Colin Blakemore, chief executive of the Medical Research Council, suffered years of attacks by animal-rights extremists as a neuroscientist at Oxford University - once, a bomb wrapped in HIV-infected needles was sent to his children.

Professor Blakemore started to speak out about his research on animals only after he had been targeted.

The Coalition for Medical Progress, a cross-sector group set up to encourage communication about animal research, hopes that more scientists will join together to speak out so that extremists cannot single out individuals.

Philip Connolly, the coalition's director, said recent positive media coverage should help to spur scientists into action.

He said: "It is waking a sleeping giant. There are far more of us than there are of them."

But the finger has also been pointed at universities for failing to provide leadership in this area.

The Association of Medical Research Charities encourages its members to place statements on their websites explaining why animal research is important.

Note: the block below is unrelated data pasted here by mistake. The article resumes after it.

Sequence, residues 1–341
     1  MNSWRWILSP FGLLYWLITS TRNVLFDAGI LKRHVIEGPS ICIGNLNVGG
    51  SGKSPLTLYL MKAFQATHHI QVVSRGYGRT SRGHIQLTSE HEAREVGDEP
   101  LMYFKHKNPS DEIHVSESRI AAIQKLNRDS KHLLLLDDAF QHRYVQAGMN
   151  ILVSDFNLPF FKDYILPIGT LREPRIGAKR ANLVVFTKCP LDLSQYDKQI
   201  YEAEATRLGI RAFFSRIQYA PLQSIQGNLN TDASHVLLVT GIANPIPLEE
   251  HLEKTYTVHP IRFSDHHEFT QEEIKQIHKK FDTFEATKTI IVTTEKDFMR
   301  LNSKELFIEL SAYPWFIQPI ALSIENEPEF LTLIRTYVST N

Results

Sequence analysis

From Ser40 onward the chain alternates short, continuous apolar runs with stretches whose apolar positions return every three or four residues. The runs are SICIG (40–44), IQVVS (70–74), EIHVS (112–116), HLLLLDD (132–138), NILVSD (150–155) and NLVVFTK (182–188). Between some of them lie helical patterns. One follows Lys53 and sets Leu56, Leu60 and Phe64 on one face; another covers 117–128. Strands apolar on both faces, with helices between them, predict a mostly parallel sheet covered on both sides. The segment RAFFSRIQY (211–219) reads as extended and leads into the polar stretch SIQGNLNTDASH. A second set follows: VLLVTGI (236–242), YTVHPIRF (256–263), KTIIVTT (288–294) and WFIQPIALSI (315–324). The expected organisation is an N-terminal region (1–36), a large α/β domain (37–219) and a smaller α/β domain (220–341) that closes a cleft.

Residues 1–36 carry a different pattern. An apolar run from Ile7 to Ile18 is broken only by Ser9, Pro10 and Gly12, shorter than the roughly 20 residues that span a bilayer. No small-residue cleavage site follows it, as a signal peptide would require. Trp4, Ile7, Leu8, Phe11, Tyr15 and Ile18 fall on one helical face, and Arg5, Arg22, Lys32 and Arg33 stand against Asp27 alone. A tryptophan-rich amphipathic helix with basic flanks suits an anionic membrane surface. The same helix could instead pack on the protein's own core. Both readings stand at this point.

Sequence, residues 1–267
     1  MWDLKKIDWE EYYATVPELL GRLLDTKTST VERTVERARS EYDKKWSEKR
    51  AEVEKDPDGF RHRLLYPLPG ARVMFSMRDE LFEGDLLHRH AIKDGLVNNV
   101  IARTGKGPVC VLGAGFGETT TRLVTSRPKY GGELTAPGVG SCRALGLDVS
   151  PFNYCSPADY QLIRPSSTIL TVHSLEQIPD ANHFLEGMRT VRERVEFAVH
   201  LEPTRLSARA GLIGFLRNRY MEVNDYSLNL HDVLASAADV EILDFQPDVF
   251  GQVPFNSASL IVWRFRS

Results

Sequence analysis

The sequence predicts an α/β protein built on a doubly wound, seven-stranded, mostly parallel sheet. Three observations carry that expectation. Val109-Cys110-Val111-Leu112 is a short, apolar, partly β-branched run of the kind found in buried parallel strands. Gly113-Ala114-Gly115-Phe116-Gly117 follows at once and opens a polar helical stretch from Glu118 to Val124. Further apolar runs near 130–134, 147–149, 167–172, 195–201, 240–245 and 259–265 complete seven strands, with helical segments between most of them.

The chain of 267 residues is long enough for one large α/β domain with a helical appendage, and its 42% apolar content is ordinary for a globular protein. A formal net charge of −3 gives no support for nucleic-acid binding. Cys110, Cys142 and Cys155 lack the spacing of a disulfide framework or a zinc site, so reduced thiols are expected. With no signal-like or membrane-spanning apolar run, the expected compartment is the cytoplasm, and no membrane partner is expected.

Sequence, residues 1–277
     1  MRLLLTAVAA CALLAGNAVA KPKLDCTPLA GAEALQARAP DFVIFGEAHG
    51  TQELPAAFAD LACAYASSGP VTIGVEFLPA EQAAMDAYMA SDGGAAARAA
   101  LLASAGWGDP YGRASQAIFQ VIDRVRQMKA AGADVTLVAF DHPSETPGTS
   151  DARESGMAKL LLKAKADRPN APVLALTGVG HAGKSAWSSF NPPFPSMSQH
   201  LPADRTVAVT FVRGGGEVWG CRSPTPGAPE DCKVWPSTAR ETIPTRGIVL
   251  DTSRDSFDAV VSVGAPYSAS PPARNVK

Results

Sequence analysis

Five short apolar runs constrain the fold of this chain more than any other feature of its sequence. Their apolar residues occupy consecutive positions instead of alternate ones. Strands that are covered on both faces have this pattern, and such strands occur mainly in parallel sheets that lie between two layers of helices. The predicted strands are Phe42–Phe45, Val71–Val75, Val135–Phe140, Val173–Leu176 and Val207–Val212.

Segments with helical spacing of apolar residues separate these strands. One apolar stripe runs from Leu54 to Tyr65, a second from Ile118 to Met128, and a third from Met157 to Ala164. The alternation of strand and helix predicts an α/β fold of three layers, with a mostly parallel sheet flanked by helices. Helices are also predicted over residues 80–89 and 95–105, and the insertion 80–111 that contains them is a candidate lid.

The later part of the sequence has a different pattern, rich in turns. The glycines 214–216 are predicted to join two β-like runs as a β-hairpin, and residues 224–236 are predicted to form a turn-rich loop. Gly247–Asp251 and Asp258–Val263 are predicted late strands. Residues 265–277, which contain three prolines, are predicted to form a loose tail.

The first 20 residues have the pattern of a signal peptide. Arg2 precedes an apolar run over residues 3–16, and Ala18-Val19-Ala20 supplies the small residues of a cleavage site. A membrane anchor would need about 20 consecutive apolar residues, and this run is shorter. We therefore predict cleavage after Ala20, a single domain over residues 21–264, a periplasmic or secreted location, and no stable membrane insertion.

But few universities have done this, and the organisation is calling for a change of culture in academia.

Simon Festing, an expert on such issues at the AMRC, said that he often spoke to researchers who were willing to discuss the merits of animal research but were being blocked by their university. This was because institutions either lacked a strategy for dealing with this or were concerned about security, he said.

Professor Blakemore agreed this was often the case, but he said it was difficult to blame universities for being so defensive.

"A head of department has a responsibility to allow staff and students in and out of their building without anything happening to them. The security implications are huge," he said.

Security - and more specifically the cost of providing it - was a key factor in last week's decision by Cambridge University to abandon its plans to build a cutting-edge primate research centre. Professor Blakemore said this would also be an issue for individual departments.